If you have been affected by any of the issues mentioned in this piece, contact Samaritans or Nightline.
Have you experienced a mental health issue at university? Share your story anonymously in our GuardianWitness assignment to help us create a true picture of mental health at university.



For more mental health news, Click Here to access the Serious Mental Illness Blog 

smiliu:

Mind Matters: The Mental Health Taboo at Universities

By Jinan Younis, The Guardian

One in five students consider themselves to have a mental illness, so why aren’t we talking about it?

"I was depressed and paranoid", "I was anxious and out of control", "I had severe depression, I couldn’t get out of bed and had difficulty speaking to large groups of people".

These are the experiences of a group of students struggling with theirmental health while at university, and they’re not alone. A National Union of Students (NUS) study conducted in May 2013 shows that one in five students consider themselves to have a mental health problem.

So why aren’t we talking about this more?

"Students face a particular set of challenges that can leave some struggling to cope," says Colum McGuire, NUS welfare vice president. Students are under tremendous pressure to succeed academically, to maintain a healthy social life, and many that don’t fit into the traditional 18 year old just-left-home model also face difficulty juggling their university life with other commitments.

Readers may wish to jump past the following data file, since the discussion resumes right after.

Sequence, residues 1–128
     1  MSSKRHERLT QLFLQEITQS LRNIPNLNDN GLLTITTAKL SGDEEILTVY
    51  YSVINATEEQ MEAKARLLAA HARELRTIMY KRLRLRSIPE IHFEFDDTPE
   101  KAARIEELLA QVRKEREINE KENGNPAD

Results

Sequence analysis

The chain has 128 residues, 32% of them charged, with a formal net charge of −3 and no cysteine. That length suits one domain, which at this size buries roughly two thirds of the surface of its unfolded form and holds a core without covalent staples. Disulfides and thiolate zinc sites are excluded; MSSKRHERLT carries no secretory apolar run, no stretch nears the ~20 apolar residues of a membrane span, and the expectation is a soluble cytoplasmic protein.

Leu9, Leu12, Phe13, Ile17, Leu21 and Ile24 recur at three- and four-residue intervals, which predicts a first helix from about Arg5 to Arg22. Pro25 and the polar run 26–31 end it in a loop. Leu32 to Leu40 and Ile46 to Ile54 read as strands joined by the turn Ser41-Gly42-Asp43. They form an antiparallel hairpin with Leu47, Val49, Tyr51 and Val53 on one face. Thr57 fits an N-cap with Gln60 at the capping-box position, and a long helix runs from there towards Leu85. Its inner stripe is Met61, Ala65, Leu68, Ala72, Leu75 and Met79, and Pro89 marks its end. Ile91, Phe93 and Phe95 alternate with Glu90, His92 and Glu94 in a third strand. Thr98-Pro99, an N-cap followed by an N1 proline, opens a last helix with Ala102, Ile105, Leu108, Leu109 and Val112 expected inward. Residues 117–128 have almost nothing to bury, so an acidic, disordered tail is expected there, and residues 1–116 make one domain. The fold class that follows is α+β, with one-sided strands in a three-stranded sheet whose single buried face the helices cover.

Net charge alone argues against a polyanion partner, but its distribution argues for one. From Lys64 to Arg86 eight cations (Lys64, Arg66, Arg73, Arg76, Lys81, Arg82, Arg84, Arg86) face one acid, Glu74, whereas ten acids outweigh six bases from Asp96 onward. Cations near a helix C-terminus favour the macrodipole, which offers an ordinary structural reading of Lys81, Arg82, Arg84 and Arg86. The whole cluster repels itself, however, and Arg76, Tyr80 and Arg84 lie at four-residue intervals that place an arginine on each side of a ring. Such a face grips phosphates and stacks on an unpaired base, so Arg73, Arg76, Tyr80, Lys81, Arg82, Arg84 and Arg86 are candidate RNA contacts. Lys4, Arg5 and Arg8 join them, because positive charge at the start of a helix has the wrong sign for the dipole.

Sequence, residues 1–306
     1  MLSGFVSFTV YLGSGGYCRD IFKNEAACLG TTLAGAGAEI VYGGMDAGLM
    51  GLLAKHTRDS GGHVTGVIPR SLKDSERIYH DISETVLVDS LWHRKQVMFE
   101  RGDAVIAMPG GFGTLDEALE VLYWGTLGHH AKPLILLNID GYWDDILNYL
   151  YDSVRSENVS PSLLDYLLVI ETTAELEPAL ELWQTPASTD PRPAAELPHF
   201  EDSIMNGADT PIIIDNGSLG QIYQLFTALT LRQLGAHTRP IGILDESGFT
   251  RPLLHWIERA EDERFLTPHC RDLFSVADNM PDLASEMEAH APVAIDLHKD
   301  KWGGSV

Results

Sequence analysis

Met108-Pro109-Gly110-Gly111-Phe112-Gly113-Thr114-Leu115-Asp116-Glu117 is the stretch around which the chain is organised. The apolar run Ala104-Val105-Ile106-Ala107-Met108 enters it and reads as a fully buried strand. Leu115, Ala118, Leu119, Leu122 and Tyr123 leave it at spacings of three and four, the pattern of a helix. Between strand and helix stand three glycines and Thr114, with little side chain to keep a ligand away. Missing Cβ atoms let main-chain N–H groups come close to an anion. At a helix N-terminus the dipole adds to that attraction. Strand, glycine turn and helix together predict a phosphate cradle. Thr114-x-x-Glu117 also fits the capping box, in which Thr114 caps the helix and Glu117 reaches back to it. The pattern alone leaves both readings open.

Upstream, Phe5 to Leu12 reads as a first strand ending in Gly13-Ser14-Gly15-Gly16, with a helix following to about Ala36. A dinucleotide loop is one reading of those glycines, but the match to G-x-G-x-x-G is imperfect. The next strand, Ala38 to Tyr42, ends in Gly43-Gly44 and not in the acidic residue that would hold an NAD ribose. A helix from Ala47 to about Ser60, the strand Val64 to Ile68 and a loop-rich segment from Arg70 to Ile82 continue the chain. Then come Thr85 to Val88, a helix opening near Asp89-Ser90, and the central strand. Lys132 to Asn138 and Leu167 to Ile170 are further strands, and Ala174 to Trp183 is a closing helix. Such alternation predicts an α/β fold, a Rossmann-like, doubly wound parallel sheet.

The lack of dialogue leaves many sufferers feeling isolated. Rebecca Latz, a first year student at the University of Huddersfield suffered with anxiety when she first started university. She describes feeling “abnormal” in comparison to her peers: “My friends were all really chilled out. I was the only really obviously anxious one.”

Habiba Khanom, a third-year student at City University London, suffered from an eating disorder, depression and social anxiety. She says: “I felt like I had no one to talk to. I found it hard to make friends because I felt like if I told someone, they wouldn’t want to be friends with me.”

When mental health is discussed, it is often met with a patronizing response, albeit with good intentions.

Students are sometimes told “there’s nothing to panic about”, people often don’t know what to say, and one anonymous student felt as though the people she spoke to were “missing the point entirely”.

This misunderstanding of mental health problems can lead to its sufferers feeling increasingly burdensome and some may retreat into further isolation.

One anonymous student says: “When people begin to feel a burden and shut off it becomes a real problem.”